Bourgeois Values

Amy Wax and Larry Alexander, law professors at the University of Pennsylvania and the University of San Diego, co-authored an op-ed in the Philadelphia Inquirer on 9 August 2017.  Great wailing and gnashing of teeth, rending of garments and showering in ashes followed.  What heinous, heretical idea did they expound?  The dangerous idea that if an individual adopts bourgeois values they stand a statistically greater likelihood of leading a good life.  

 

To properly appreciate their gauche faux pas, we must define bourgeois values as the authors intended them.  In a follow-up interview Dr. Wax explained their intent this way.  “… I think on a demographic level, on the population level, we can confidently make a statement. And this is not a right-wing idea. The Brookings Institute’s Isabel Sawhill has data that shows if you follow three simple rules, even in the current challenging environment, your chance of being poor is in the small single digits. All right, three simple rules: graduate from high school, take a job, any job, and keep at it; wait until you’re graduated to get married; and get married before having kids. And that doesn’t even add sobriety, or avoid crime, or be thrifty, or all that other stuff that we added. You don’t even need that, although obviously that helps.”

 

My word, the very idea!  To posit that traditional values such as temperance and work ethic and honesty and moral virtue would lead to one’s living a better life!  Honestly!

 

Now, we can cut the good Doctors some slack.  I mean, after all, every single culture in the world and every major religion has established for itself certain core values.  And those described as bourgeois values certainly make the lists around the world more often than they don’t.  I, a child of the ‘70’s and ‘80’s, learned them in two places.  My church and my Scout Troop.  In church, I learned the Beatitudes and Fruit of the Spirit.  Matthew 5: 3-11, Jesus’ Sermon on the Mount, and Galatians 5:22-23 both list virtues that are present in the life of a moral man.  In my Scout Troop, this was reinforced through the Scout Law; A Scout is Trustworthy, Loyal, Helpful, Friendly, Courteous, Kind, Obedient, Cheerful, Thrifty, Brave, Clean, and Reverent.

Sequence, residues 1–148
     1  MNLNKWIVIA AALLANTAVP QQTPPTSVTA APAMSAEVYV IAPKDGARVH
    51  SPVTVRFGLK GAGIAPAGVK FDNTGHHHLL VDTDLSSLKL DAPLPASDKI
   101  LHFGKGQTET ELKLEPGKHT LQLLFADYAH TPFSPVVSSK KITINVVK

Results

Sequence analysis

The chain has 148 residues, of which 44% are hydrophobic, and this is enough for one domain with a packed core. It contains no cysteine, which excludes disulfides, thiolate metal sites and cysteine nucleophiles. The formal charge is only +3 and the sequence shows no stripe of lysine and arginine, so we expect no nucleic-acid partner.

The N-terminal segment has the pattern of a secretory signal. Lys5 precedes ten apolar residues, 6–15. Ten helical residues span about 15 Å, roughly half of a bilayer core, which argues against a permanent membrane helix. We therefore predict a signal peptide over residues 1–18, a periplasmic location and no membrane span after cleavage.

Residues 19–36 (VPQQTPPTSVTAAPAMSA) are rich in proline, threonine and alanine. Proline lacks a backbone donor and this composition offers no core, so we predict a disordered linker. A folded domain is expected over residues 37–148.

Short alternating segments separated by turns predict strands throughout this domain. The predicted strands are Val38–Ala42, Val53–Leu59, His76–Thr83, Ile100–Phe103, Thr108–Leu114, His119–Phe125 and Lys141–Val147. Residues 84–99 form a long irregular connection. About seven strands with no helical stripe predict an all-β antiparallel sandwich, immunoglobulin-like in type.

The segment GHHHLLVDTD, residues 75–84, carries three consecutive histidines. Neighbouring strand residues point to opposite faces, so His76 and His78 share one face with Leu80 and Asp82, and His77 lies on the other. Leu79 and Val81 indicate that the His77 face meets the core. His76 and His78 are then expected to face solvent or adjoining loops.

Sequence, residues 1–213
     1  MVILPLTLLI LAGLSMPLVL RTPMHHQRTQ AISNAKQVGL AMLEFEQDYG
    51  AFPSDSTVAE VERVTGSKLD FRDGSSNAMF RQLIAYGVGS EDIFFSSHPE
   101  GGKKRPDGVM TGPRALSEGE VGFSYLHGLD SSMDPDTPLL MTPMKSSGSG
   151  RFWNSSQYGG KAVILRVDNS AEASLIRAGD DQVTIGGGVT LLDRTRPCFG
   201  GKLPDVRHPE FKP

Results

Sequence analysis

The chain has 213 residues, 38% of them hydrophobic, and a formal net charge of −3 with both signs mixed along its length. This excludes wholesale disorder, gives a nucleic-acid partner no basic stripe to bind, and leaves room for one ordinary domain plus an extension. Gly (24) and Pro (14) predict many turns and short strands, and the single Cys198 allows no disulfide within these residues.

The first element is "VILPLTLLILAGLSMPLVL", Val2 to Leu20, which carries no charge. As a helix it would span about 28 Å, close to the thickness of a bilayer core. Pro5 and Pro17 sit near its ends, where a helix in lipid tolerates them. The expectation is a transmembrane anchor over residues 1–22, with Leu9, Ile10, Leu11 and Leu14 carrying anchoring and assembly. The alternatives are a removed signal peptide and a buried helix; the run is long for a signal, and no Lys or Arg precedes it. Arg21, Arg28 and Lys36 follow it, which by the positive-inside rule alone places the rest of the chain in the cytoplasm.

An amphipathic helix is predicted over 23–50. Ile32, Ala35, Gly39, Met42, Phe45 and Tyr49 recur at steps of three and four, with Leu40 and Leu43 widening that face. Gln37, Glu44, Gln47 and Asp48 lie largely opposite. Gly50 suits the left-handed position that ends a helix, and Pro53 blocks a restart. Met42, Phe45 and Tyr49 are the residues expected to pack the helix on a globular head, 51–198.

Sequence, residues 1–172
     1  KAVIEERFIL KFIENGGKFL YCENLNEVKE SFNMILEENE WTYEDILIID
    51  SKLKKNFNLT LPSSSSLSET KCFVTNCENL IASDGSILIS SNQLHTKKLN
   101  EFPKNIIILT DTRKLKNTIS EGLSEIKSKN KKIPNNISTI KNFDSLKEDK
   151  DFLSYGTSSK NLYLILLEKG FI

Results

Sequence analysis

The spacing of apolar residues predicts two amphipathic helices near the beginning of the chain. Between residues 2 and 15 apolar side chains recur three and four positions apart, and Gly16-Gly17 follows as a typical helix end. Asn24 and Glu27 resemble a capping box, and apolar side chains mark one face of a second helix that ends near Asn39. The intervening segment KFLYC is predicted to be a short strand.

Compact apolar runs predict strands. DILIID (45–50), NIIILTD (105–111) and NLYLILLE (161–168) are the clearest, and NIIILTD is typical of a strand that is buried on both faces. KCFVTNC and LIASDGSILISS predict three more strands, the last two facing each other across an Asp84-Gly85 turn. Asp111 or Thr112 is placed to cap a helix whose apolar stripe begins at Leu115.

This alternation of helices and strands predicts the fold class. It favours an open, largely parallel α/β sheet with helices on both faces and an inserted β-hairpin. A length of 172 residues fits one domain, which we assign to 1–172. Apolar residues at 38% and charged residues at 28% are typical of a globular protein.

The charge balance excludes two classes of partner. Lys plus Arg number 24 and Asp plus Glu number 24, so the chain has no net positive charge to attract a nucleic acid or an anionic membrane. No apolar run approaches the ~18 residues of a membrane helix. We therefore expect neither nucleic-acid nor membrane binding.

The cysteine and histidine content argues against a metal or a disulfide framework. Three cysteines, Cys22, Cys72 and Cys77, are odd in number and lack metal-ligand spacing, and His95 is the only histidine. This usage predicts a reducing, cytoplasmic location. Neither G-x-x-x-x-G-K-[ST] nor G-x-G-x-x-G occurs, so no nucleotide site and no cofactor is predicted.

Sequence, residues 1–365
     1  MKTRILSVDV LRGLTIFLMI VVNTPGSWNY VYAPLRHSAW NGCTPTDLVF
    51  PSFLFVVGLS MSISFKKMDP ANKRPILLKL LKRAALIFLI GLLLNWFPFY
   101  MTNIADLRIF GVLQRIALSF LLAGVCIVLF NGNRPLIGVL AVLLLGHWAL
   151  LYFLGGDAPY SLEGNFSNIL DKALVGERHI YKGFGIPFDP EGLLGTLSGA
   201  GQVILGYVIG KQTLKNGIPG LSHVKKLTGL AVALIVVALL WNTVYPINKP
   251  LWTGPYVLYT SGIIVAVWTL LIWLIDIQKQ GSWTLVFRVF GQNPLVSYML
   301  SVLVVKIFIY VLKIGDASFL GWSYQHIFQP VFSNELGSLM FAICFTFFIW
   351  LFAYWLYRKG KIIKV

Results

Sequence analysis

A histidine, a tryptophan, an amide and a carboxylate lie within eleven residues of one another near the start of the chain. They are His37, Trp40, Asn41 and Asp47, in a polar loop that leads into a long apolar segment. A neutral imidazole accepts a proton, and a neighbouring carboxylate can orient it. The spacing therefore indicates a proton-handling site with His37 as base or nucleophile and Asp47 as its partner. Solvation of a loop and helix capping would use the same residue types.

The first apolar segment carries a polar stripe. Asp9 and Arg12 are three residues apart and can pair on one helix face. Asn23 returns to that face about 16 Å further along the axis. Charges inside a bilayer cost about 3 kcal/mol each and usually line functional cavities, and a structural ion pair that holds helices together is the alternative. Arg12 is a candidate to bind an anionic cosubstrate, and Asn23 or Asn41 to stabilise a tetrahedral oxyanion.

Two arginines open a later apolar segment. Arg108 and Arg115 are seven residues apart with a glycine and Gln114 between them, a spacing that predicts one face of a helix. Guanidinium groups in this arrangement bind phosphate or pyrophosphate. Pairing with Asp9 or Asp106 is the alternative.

But truly, as so many of the good Doctors’ peers have pointed out, surely, we, as a good and noble and kind and socially responsible society, we cannot force these kinds of values on the poor unfortunates among us!  How is it possible for a poor victim of perpetual welfare and over incarceration and drastic economic disadvantage such as we find in our nation to find the wherewithal to learn these hard values?

 

Ok, enough sarcasm I suppose.  I doubt anyone, Left or Right, would argue that making good life choices, on average, leads to better outcomes in life.  There will always be statistical outliers, those who profit from their perfidy and those noble and honorable souls who are consistently crushed by life.  The difference is found in the prescriptions offered to correct the disparity of outcomes.  

 

The Right would proscribe the virtues themselves, and recommend that the individual find the wherewithal within themselves to attend to those virtues.  Charity would certainly be offered, but at the individual level, to ascertain the seriousness of the needy individual’s commitment to changing their own life.  

 

The Left’s classical Marxist remedy would be to attempt to lift all the lower class. To develop and deploy societal controls, mostly based on fiscal policies, to alleviate the consequences of intemperance; poverty, bastardy, addiction, joblessness.  The idea being that once the consequences are alleviated, the natural goodness of man would lead those so afflicted to become productive members of the collective.  

 

It’s a bit of the chicken and the egg.  Which is more effective, to relieve the consequences in the hope that behavior will thus be modified, or to encourage behavior modification in the belief that good behavior fosters good outcomes?  

 

Whichever side you come down on, here is what worries me about our society.  We can no longer intelligently discuss such things.  To even suggest the policies of the Right gets you instantly labeled with a litany of horrid charges.  And those of us who are inclined more towards the Right are simply tuning out the whiny outrage of our accusers.  This is not how a civil society functions.  And the normal, historical outcome of the failure of a civil society is an uncivil, violent one.  Choose wisely.

 

Kaveman

 

 

Links for this article:

http://nymag.com/daily/intelligencer/2017/09/can-an-embrace-of-bourgeois-values-revive-america.html

www.philly.com/philly/opinion/commentary/paying-the-price-for-breakdown-of-the-countrys-bourgeois-culture-20170809.html

 

 

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